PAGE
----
organized criminal groups trafficking in human beings. Their power and
resources have made these organizations a true danger. One recent
study points out that trafficking in human beings is now a 3 billion a
year business in the United States.
These criminal syndicates are not only making money
illegally, they are also abusing, defrauding and robbing desperate
migrants who have contracted their services. In their attempts to
avoid law enforcement authorities, they expose migrants, including the
elderly, women and children, to unnecessary risks that sometimes end
up proving fatal. For example, traffickers have been known to abandon
their clients in the middle of the dessert or sea, or to pack them so
tightly into trucks or containers that they die of suffocation.
The spread of these organizations has led to another cause for
concern–the criminalization of border areas. More and more, border
areas, especially those with large flows of people, are becoming
dangerous places due to the presence of criminal gangs, which take
advantage of the precarious situation of migrants to rob, assault,
rape, extort, pillage and murder. Crime, however, is not limited to
gangs. All too often there are also corrupt officials who also rob,
abuse and extort migrant workers. Such an attitude on their part only
makes many border areas even more dangerous.
of Montruois: A New Vision of the OAS”, approved by the General
Assembly in Haiti in 1995, states that increasing interdependence
and economic integration require that the question of migrant
workers and their families be addressed on the basis of solidarity
among member states and with full respect for the dignity and rights
of such persons.
the Summit of the Americas in Santiago (Chile) in April of 1998, the
heads of state and government of the Americas issued the Declaration
of Santiago, which says that “Special efforts will be made to
guarantee the human rights of all migrants, including migrant
workers and their families.” The Summit’s Plan of Action went on
to point out that states should seek full compliance with and
protection of the human rights of all migrant workers, adopt
effective measures to prevent and eradicate all forms of
discrimination against them, prevent abuse and mistreatment by
employers, and provide, with respect to working conditions, the same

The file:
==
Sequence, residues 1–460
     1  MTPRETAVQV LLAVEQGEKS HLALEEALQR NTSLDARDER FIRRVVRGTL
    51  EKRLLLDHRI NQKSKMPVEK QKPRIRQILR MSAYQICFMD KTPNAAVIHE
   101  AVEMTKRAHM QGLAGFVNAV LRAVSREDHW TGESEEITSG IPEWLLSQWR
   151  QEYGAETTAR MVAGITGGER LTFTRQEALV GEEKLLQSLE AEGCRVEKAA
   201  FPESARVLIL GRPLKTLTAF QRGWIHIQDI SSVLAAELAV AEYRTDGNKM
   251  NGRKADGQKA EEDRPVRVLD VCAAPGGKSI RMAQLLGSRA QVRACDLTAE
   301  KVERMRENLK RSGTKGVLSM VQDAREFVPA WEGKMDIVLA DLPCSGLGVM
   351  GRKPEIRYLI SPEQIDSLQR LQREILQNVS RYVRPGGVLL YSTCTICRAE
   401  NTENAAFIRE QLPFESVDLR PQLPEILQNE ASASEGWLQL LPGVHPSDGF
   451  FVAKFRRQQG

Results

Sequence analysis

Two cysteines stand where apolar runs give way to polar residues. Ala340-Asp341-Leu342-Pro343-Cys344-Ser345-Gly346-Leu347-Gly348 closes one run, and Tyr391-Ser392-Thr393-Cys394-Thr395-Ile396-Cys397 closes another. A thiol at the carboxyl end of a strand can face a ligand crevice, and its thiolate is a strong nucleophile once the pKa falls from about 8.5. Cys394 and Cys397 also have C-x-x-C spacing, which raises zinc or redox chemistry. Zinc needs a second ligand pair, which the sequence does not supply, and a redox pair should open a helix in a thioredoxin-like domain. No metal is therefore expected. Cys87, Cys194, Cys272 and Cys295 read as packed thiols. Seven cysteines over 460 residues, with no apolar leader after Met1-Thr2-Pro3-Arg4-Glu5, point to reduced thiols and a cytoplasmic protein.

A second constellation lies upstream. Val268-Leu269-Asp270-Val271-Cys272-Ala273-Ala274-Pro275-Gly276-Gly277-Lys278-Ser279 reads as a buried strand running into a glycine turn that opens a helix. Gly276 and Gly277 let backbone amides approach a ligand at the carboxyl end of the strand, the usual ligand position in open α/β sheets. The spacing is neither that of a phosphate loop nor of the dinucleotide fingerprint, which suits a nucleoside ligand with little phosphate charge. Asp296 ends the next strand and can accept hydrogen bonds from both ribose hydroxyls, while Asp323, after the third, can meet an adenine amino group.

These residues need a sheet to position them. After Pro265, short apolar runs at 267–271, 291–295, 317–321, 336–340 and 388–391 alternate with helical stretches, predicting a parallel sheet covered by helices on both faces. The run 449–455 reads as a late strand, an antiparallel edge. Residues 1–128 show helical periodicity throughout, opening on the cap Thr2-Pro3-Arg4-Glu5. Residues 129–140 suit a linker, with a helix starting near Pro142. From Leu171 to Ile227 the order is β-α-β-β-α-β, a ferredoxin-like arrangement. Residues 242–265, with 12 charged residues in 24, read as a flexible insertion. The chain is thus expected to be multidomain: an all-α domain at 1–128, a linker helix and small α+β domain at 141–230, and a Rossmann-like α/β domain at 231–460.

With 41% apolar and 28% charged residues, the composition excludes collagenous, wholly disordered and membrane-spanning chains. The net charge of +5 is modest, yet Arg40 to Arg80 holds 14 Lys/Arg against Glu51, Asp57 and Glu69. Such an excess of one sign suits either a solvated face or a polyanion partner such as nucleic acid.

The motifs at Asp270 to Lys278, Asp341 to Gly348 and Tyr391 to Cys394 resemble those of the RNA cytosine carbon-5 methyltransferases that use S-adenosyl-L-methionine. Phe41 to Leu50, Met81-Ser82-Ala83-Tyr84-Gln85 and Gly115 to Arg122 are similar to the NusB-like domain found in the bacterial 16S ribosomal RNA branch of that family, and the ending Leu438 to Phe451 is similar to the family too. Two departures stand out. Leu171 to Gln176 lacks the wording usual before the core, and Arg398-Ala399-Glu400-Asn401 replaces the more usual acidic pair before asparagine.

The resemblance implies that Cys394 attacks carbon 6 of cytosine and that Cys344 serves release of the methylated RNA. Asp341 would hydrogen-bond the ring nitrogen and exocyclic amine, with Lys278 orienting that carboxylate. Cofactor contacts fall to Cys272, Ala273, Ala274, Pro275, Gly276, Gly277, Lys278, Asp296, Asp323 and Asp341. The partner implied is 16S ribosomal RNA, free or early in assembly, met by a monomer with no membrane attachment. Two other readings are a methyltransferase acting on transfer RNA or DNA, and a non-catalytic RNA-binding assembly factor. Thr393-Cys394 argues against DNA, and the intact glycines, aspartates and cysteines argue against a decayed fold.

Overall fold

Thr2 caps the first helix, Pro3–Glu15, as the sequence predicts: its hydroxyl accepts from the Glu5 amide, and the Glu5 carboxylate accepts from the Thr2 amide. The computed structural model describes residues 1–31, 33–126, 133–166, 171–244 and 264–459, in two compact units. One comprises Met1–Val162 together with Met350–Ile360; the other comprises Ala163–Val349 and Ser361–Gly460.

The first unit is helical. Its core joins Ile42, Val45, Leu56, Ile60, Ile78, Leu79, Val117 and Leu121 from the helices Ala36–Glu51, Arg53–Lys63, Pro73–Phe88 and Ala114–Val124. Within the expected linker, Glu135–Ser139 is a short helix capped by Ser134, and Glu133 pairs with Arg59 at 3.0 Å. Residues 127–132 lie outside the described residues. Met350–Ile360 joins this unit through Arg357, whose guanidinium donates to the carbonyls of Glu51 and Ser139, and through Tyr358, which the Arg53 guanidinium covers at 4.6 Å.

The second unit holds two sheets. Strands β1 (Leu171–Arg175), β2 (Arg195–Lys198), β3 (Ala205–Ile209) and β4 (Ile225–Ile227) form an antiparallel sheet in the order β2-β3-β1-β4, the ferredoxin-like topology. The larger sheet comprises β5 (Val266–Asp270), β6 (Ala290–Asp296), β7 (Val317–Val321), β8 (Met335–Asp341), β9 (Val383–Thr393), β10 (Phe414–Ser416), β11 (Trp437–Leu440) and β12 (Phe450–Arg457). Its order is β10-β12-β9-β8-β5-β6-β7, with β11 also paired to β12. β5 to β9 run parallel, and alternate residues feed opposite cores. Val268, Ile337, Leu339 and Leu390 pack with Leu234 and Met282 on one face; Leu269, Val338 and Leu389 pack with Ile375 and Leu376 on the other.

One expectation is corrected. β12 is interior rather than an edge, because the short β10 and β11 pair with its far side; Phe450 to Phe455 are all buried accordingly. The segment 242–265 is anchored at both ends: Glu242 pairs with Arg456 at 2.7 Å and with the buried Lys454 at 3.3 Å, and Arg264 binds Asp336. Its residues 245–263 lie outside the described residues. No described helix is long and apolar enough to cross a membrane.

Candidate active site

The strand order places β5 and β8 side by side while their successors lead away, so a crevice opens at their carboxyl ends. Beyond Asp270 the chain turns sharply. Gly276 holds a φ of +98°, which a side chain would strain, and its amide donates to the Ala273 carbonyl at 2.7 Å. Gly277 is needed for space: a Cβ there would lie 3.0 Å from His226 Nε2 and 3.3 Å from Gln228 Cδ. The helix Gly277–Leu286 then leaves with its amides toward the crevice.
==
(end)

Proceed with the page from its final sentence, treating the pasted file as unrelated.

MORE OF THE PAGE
legal protection as for national workers.
On 8 October
1999, the Commission formally requested the status of permanent
observer by sending an application to the Minster of Foreign
Relations of El Salvador, which was then the Pro Tempore Secretariat
of the Regional Conference on Migration.
was organized by the Economic Commission for Latin America and the
Caribbean (ECLAC) and the International Organization for Migration
(IOM). The other sponsors were the Inter-American Development Bank
(IDB) and the United Nations Population Fund (UNPF).
of the American Convention states that “In cases of extreme
gravity and urgency, and when necessary to avoid irreparable damage
to persons,” the Court may take any provisional measures it deems
pertinent in regard to a case not yet submitted to it, upon the
request of the Commission. Moreover, Article 25(1) of the Court’s
Rules of Procedure stipulates that “At
any stage of the proceedings involving cases of extreme gravity and
urgency and when necessary to avoid irreparable damage to persons,
the Court may, at the request of a party or on its own motion, order
whatever provisional measures it deems appropriate, pursuant to
Article 63(2) of the Convention."
The request for
provisional measures was made on behalf of a specified group (of
Haitians and Dominicans of Haitian descent), although no names were
attached to the request. This was done because Dominican practice
does not allow individuals to be distinguished from a group, and
also because the individuals affected did not dare attach their
names for fear of reprisals.
Report on Admissibility Nº 89/00, Case Nº 11.495, Juan Ramón
Chamorro Quiroz (Costa Rica), 5 October 2000.
Report on Admissibility Nº 28/01, Case Nº 12.189, Dilcia Yean and
Violeta Bosica (Dominican Republic), 22 February 2001.
51/01 Rafael Ferrer Mazorra
and Others v. the United States published in the Annual Report,
pages 792-860. The Special Rapporteurship in a future Report will
summarize the advances in jurisprudence referred to by the IACHR in